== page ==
|Homemade Fizzy Kombucha|
I failed somewhat in trying to grow my own SCOBY from a bottle of store-bought GT Unflavoured Raw Kombucha. I don't think I had the right ph balance and I never got anything beyond a translucent scoby that was a few millimetres thin. When I found out that a local shop was selling scobies I practically went there the next day. Interestingly, there was a kombucha workshop running that day but I didn't stay for it. I knew what I wanted and after purchasing some other supplies (at a pretty reasonable price!) I went home to try and make my own kombucha.
I bought a scoby, a plastic mesh strainer and 6 bottles for the 2nd fermentation stage. I knew that I would not be drinking kombucha after the 1st stage only because I love fizz. The fizzier the better in fact. The Homesteaders Emporium, though on the seedier side of Vancouver, is a treasure trove of very nifty things at a reasonable price. I wanted to buy a whole bunch of stuff but promised myself to come back another time...the make-your-own-sake was intriguing. They sell chicken coops, bee-keeping supplies, candle and soap-making equipment, fermented foods ingredients and supplies and so much more. I was in do-it-yourself heaven.
|a healthy scoby, with approximately 1 cup of kombucha starter comes in the mason jar that I purchased from Homesteaders Emporium.|
I immediately made my 1st batch of kombucha with the oolong tea using the following recipe. I scaled it down to fit my glass container. Besides, I only had 6 small-ish glass bottles for the 2nd fermentation process so didn't want to go crazy making too much. I wanted to see if it would work and taste good.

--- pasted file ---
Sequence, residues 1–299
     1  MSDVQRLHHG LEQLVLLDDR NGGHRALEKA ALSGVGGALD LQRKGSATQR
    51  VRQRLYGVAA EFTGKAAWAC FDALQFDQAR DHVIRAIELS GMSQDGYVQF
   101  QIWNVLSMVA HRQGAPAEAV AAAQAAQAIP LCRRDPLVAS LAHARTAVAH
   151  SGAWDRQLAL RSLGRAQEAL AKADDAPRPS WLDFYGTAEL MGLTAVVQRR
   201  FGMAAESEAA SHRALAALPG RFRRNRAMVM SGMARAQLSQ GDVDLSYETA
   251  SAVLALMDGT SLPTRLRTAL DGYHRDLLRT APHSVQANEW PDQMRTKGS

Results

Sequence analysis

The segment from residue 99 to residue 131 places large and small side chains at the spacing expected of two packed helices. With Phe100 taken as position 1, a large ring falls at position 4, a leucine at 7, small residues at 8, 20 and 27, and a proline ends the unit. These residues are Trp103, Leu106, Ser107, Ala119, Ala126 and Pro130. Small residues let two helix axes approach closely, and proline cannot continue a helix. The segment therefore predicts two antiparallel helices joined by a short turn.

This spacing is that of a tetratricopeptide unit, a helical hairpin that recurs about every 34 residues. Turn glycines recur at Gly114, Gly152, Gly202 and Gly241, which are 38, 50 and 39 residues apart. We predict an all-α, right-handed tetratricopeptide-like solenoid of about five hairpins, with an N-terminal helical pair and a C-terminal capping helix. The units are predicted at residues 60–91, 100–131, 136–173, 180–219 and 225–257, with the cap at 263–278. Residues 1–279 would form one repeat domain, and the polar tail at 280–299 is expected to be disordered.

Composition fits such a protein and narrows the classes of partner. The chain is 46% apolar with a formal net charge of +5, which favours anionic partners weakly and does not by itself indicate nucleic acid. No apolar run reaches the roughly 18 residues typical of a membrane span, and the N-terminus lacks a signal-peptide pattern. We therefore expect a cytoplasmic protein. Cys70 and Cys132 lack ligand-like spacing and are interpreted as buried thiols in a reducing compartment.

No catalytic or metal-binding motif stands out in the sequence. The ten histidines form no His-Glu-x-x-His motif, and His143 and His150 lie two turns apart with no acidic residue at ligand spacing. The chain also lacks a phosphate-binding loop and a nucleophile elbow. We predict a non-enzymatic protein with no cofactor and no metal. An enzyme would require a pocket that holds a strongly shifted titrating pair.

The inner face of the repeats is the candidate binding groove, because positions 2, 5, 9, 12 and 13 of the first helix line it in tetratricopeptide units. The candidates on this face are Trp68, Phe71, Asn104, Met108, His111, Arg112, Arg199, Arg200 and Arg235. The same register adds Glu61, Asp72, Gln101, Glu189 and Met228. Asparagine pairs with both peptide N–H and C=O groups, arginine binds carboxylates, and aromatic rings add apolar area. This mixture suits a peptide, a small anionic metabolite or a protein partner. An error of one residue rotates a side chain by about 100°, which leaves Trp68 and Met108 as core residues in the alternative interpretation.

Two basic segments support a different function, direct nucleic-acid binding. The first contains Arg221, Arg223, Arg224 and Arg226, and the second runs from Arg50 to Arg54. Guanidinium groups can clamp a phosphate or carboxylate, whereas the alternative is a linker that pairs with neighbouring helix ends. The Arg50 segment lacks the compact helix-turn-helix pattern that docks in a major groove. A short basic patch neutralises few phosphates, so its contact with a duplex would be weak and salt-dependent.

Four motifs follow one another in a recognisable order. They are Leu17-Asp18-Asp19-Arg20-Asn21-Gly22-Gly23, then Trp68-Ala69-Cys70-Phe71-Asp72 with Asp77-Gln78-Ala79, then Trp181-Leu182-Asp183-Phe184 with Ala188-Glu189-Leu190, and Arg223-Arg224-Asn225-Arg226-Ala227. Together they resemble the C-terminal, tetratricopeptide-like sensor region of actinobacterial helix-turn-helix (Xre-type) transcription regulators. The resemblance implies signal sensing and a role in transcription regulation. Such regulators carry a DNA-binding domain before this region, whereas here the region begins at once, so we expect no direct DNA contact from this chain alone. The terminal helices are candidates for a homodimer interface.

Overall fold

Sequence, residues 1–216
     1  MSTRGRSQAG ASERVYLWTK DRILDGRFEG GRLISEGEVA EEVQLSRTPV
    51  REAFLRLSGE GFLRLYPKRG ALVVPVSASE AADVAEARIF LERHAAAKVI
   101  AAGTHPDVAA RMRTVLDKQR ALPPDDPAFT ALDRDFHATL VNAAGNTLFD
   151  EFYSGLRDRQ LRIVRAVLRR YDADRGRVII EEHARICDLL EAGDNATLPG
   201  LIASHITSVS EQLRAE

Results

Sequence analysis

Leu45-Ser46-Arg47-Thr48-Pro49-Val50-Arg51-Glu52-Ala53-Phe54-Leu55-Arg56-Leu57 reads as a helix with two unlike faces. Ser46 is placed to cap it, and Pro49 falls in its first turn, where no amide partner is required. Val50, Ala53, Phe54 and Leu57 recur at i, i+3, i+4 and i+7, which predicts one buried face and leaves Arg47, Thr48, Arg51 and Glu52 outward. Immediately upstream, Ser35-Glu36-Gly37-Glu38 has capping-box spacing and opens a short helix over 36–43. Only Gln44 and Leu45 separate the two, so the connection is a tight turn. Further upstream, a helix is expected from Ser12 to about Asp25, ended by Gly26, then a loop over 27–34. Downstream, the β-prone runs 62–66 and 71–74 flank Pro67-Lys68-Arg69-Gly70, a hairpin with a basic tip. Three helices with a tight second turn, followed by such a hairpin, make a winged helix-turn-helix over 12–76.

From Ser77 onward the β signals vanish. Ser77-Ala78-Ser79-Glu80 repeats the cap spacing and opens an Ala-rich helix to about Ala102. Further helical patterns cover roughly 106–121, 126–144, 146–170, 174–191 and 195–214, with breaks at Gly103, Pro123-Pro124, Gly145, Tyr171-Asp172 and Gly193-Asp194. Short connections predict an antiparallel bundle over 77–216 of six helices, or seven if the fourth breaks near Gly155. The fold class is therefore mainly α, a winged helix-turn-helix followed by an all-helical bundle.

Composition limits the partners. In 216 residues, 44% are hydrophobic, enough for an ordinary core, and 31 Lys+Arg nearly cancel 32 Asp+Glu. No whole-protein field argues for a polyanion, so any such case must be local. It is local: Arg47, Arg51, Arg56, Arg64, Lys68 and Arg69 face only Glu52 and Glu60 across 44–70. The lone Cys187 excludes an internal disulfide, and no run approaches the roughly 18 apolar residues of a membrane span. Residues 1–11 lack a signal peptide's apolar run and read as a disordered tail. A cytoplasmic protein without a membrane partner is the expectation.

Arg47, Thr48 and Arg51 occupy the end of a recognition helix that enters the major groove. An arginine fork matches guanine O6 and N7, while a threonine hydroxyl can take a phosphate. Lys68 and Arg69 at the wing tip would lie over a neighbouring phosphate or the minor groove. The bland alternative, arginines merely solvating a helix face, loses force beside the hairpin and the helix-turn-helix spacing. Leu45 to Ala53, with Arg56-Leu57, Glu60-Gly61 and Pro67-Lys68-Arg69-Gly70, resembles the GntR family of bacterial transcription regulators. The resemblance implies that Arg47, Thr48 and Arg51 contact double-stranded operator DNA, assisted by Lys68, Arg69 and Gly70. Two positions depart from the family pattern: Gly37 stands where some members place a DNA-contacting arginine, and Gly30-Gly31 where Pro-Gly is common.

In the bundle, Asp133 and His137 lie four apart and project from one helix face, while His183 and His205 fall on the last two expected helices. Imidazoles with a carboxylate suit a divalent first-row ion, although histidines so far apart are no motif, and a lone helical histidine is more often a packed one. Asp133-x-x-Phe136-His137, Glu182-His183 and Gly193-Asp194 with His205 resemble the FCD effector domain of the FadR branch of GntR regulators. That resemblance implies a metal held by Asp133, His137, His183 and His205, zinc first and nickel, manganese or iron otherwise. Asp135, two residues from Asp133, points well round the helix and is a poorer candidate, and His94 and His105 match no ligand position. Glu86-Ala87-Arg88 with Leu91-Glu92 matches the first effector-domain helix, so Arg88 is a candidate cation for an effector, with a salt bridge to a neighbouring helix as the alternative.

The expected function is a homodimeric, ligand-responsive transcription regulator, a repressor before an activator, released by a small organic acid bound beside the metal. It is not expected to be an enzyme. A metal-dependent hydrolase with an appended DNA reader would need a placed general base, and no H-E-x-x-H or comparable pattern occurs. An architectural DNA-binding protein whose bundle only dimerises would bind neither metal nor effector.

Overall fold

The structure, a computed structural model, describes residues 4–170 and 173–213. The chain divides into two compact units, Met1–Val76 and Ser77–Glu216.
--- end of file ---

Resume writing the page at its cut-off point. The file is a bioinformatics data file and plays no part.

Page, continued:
KOMBUCHA RECIPE from Cultures of Health.
Just follow the link and you'll find a video and instructions on how to make your first batch of kombucha. This will result in a flat drink. If you want fizzy, you'll have to go through a 2nd fermentation. In my opinion there is no point in making kombucha unless you're going to make it fizzy!
Ingredient Ratios for Making Different Amounts of Kombucha
Starter Tea or Vinegar
1½ teaspoon loose tea or 2 tea bags
1 tablespoon loose tea or 4 tea bags
2 tablespoons loose tea or 8 tea bags
For my purposes, I used 7 cups of hot water to 1/2 cup sugar. I used Chinese oolong loose leaf tea. After cooling, I added the mason jar's contents. I poured in the starter tea which amounted to about a cup. Then I carefully slid the scoby to float on the top of the kombucha. I covered with a paper towel and then an elastic to hold it in place. I aged my kombucha for 2 weeks before I did the 2nd step. I will be honest and admit that I never did taste it before I actually started the 2nd fermentation process. I just had faith it would turn out okay. And it did. What's great is that I do my kombucha making on weekends when I have time off work. This works with my schedule.
|Day 2, 2nd fermentation with grape juice and kombucha. See that little scoby? it looked like a mini jelly fish growing and it creeped me out a bit but then I realized that this was a good sign that the fizziness was going to happen!|